The Top 20 Essentials For a Car Emergency Kit

1. Flares or hazard triangles: High visibility flares or triangles are always good to have on hand. They help other vehicles see you in case of an emergency or accident. These are something you should never leave home without.

2. Carjack and spare tire: Sounds like a no-brainer, right? Flat tires are one of the most common roadside emergencies, yet you would be surprised how often people don't have a carjack or spare tire to fix one. Also, studies show that up to 60% of drivers don't know how to change a tire, so learning before it's needed is recommended.

3. Can of tire inflator and sealant: If you don't know how to fix a tire or worst-case scenario, there's a problem with your spare, a can of tire inflator and sealant will do the trick in an instant.

4. Tire pressure gauge: Over or underinflated tires are one of the leading causes of a blowout. Having a tire pressure gauge and checking your pressure often helps prevent an emergency before it happens.

5. Jumper cables: It can happen. You walk into a store and forget your lights are on. By the time you walk out again, your car battery is dead. If you have jumper cables, you can find a good Samaritan to give you a quick jump-start and be on your way again.

6. Emergency car battery charger: Imagine a day of hiking, camping, fishing, or anything else in an isolated area. You accidentally leave a dome light on. When you come back, your car battery is dead. While you have jumper cables, there are no cars or people nearby to give you a hand. While a little pricier than other things on this list, a car battery charger can save you hours of frustration.

7. A 5-gallon gas can: Of course vehicles come with gas gages, warning lights, and in some cases, even a count down. So, how do you ever run out of gas? Well, gas gages can break, and sometimes their owners don't know until it's too late. Also, in extreme circumstances, you can find yourself off course of your destination and nowhere near a gas station.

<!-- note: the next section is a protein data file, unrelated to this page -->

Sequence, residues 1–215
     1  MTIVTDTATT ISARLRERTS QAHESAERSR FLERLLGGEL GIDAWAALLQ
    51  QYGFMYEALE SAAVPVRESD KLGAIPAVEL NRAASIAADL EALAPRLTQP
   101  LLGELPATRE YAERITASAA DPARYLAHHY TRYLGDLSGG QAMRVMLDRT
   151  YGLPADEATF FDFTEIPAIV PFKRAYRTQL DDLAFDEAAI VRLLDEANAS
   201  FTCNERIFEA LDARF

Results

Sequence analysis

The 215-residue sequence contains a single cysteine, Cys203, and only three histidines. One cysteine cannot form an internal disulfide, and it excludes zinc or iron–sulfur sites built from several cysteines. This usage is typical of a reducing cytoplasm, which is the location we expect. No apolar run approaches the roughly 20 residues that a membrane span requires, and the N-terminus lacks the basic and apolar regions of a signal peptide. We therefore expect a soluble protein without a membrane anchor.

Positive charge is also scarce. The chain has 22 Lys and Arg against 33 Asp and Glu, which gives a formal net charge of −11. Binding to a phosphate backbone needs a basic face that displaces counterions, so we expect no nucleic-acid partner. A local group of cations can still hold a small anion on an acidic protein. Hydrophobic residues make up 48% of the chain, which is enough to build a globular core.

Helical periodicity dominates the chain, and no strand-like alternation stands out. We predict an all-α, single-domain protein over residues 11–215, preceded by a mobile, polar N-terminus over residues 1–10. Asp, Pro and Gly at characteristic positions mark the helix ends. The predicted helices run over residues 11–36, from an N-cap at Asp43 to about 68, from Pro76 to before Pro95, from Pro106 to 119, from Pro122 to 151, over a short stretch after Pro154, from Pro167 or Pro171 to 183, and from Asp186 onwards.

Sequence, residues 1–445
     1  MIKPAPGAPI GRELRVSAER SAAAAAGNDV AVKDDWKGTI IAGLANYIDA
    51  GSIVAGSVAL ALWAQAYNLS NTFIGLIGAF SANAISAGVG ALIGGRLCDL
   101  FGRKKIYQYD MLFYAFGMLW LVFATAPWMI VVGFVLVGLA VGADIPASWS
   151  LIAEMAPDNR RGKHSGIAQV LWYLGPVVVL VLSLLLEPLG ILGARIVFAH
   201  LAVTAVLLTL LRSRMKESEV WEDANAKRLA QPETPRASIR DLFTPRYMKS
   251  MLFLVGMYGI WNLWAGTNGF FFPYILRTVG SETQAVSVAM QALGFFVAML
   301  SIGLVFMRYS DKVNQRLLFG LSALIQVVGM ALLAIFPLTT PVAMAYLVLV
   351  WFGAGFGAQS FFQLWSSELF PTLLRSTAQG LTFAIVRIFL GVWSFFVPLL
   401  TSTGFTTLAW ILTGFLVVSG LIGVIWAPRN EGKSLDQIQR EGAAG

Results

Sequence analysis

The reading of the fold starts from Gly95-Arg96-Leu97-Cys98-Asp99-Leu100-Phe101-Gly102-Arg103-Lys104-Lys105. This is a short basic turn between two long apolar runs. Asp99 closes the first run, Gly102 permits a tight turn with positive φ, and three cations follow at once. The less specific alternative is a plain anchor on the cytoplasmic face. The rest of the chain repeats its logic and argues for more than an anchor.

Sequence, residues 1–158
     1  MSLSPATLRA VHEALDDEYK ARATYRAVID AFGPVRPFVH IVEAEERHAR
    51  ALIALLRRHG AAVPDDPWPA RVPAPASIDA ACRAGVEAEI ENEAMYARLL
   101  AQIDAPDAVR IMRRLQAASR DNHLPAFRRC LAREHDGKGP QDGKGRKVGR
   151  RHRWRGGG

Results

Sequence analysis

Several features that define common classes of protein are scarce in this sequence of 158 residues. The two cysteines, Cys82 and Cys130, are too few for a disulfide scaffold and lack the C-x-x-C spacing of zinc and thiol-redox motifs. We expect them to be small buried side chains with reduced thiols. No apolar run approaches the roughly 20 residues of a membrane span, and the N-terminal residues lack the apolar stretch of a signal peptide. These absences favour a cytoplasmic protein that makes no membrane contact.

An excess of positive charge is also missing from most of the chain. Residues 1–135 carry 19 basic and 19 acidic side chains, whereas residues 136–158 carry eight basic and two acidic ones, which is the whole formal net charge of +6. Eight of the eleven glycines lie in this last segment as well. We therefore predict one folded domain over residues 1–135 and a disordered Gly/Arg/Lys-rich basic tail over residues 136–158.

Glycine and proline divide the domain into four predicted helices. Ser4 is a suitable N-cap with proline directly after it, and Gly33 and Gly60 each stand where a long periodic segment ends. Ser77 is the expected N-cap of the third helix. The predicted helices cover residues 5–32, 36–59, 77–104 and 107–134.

8. Fire extinguisher: While no one likes to think of car accidents, they happen. With those accidents, sometimes fires also arise. Having a fire extinguisher on hand and readily available for use can save lives quickly.

9. A quart of motor oil: While you should check your oil continuously, having a spare quart of motor oil is always a good idea.

10. A gallon of coolant: Coolant can keep your car from overheating in the summer and from freezing up in the winter. Always make sure you have some on hand.

11. Toolkit: A small toolkit full of everyday tools is essential for every car. Often, you can purchase a mechanic's toolkit that will include a tire gauge and electrical tape.

12. Multi-purpose tool: A small Swiss-Army Knife or multi-purpose tool, kept on your keyring, can work in a pinch for a lot of small jobs when needed.

13. Car escape tool: In an accident, safety items like a seatbelt and airbags can become obstacles if you need to get out quickly. That's why having a car escape tool within reach of the driver's seat is imperative. You can use it to cut through a seatbelt or even break a windshield.

14. Flashlight with extra batteries and extra cell battery: Having a breakdown doesn’t always happen during daylight hours. Make sure you have a flashlight with spare batteries. It'll shine some light on what you're doing or illuminate your path if you need to move on foot. Also, always keep a fully-charged cell battery in your car for emergencies.

15. Map: Despite the use of GPS, a map is always good if you're going on a trip or to a rural area. If something happens to your phone or you can't get cell service, having a physical map can get you safely where you need to be.

16. First-aid kit: Whether you're out on a hiking trip, playing at the park with the kids, or camping in the wilderness, having a fully stocked first-aid kit in your car makes sense. Ensure there's a whistle on hand to attract attention in case of an accident or emergency. Also, keep a candle in a deep can along with matches in case you ever need to start a fire.

17. Water: Keep plastic water bottles so they don't freeze, and change them out every 6 months.

18. Nonperishable food: Keep foods such as granola and energy bars, and exchange them every 6 months.

19. Blankets: If your car breaks down in the middle of the winter, you won't be able to rely on the heater working. Keeping blankets in your car ensures you won't freeze if you become stranded for any length of time.

20. Gloves, socks, stocking cap, extra set of clothes: Have a pair of work gloves to do any repair work in. Then, keep warm gloves, socks, a stocking cap, and an extra set of clothes in case of emergency for added warmth and protection.

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